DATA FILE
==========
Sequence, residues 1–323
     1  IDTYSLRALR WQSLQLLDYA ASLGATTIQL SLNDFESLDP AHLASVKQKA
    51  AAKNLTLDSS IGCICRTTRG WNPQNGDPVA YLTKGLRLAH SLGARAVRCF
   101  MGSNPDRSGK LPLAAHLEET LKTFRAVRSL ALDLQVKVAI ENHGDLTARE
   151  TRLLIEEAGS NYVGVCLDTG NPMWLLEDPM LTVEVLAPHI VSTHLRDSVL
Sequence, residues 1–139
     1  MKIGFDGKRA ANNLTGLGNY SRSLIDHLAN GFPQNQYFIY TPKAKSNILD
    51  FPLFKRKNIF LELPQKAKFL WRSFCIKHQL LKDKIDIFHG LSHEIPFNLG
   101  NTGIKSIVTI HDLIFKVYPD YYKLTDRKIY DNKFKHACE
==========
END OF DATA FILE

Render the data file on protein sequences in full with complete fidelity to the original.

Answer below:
Sequence, residues 1–323
     1  IDTYSLRALR WQSLQLLDYA ASLGATTIQL SLNDFESLDP AHLASVKQKA
    51  AAKNLTLDSS IGCICRTTRG WNPQNGDPVA YLTKGLRLAH SLGARAVRCF
   101  MGSNPDRSGK LPLAAHLEET LKTFRAVRSL ALDLQVKVAI ENHGDLTARE
   151  TRLLIEEAGS NYVGVCLDTG NPMWLLEDPM LTVEVLAPHI VSTHLRDSVL
Sequence, residues 1–139
     1  MKIGFDGKRA ANNLTGLGNY SRSLIDHLAN GFPQNQYFIY TPKAKSNILD
    51  FPLFKRKNIF LELPQKAKFL WRSFCIKHQL LKDKIDIFHG LSHEIPFNLG
   101  NTGIKSIVTI HDLIFKVYPD YYKLTDRKIY DNKFKHACE